The Democratic Alliance (DA) says it may take its legal challenge to the appointment of controversial prosecutions boss Menzi Simelane to the Constitutional Court, after its application in this regard was rebuffed in the North Gauteng High Court on Wednesday.
“We remain convinced that the appointment of advocate Menzi Simelane as the national director of public prosecutions [NDPP] was wrong, and that he is not a fit and proper person to occupy that post,” said the DA shadow minister of correctional services, James Selfe.
The DA said it would be studying the judgement in more detail before responding to Wednesday’s ruling. “From first principles we consider this matter to go to the heart of our criminal justice system and, in that regard, the possibility that we might pursue the case to the Constitutional Court is a real and viable option,” said Selfe.
The opposition party, however, claimed a small victory in Judge Piet Van der Byl’s criticism of President Jacob Zuma’s appointment of Simelane.
In his judgement, Van der Byl said: “I am not persuaded that … he is not a controversial person and one with an unblemished background or that he is one of the most experienced persons who could have been taken into consideration for appointment.”
Elsewhere in the judgment he said: “The averments made by the DA, after an extensive investigation and consideration of Mr Simelane’s background, indeed constitute a formidable onslaught on M. Simelane’s fitness and propriety for appointment as NDPP, and therefore, also on the validity of the president’s decision.”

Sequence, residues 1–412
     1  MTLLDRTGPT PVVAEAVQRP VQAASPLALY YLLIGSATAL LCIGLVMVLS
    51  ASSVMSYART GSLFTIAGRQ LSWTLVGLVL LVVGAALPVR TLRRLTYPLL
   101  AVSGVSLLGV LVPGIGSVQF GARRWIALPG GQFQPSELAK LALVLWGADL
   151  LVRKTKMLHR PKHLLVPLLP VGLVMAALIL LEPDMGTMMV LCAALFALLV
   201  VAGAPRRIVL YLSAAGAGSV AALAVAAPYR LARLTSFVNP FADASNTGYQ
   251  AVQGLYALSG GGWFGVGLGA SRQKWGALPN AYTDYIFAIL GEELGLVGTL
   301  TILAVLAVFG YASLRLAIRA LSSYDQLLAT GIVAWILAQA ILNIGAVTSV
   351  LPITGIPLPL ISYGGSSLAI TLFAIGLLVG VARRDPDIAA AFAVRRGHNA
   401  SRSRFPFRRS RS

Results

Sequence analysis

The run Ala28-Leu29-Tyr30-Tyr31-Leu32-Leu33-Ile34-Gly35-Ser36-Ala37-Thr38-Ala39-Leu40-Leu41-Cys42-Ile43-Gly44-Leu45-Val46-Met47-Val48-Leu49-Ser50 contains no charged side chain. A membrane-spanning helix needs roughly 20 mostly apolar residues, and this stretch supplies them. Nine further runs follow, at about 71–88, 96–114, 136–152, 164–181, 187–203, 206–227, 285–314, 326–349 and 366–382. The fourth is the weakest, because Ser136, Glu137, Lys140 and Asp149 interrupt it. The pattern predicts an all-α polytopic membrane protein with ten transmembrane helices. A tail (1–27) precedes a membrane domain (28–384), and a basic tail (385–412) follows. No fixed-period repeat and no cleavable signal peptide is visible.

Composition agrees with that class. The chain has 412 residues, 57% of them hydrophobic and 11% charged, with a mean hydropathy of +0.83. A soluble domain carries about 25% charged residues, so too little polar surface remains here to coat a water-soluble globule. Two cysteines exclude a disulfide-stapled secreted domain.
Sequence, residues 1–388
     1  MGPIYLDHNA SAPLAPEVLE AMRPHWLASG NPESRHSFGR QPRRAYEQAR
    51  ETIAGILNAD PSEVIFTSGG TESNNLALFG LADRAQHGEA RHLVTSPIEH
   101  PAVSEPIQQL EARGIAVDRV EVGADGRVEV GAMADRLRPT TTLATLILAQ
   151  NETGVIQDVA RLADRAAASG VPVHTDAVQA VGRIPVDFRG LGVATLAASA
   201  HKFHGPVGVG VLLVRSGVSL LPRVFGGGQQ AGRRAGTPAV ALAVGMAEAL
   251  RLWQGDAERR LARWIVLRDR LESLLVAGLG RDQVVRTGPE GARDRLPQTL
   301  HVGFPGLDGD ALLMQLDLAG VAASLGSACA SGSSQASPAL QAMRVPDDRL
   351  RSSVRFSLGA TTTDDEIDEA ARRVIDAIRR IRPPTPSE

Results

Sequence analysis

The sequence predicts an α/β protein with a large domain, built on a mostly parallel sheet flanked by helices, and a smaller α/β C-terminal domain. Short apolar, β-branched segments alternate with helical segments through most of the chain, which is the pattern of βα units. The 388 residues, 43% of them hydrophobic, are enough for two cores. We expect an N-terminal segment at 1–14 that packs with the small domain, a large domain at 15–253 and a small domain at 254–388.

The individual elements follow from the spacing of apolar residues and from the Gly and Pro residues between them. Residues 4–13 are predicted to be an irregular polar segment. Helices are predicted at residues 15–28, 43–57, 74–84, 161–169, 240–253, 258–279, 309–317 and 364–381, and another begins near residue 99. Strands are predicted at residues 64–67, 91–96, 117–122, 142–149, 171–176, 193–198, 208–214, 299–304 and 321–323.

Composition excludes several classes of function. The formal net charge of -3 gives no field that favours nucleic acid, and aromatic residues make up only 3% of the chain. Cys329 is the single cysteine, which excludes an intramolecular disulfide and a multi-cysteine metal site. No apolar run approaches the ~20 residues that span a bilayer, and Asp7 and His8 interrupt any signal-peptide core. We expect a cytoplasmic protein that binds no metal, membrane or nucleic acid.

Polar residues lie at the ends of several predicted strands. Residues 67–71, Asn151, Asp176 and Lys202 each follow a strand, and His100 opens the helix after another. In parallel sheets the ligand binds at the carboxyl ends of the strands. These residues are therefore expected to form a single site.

The DA said it seems Van der Byl dismissed the application because in “the absence of a prescribed and open process for the appointment of the NDPP, there was no basis in law on which to reverse the president’s appointment”.
The judge also did not award costs against the DA, a move that the party believes is significant.
“It is clear that the judge recognises that this is a matter of considerable public interest, and concerns deep democratic principle,” said Selfe in a statement to the Mail & Guardian.
Zuma’s surprise appointment of the former justice director general in November 2009 was contentious, in the wake of damning findings in the Ginwala inquiry that Simelane asked senior members of the National Prosecuting Authority to spy on its boss, Vusi Pikoli.
Former National Assembly speaker and ANC stalwart Frene Ginwala, who headed up the Ginwala inquiry into Pikoli’s fitness for office, severely criticised Simelane in her final report, calling him arrogant and condescending towards Pikoli.
Ginwala labelled his evidence before the inquiry “contradictory and without basis in fact or in law” and blamed him for suppressing the disclosure of information. This specifically referred to a legal opinion advising Simelane that he did not have authority over the NPA, as he had claimed.
Archbishop Desmond Tutu has described the appointment as an “aberration”.
Simelane has challenged this criticism, arguing that it is driven by people who are hostile towards black economic empowerment.
He was also the subject of investigation by the South African General Council of the Bar. Senior advocate Pat Ellis of the Pretoria Bar submitted a formal complaint against Simelane to the General Council of the Bar (GCB) in December 2009 after the release of Ginwala’s report.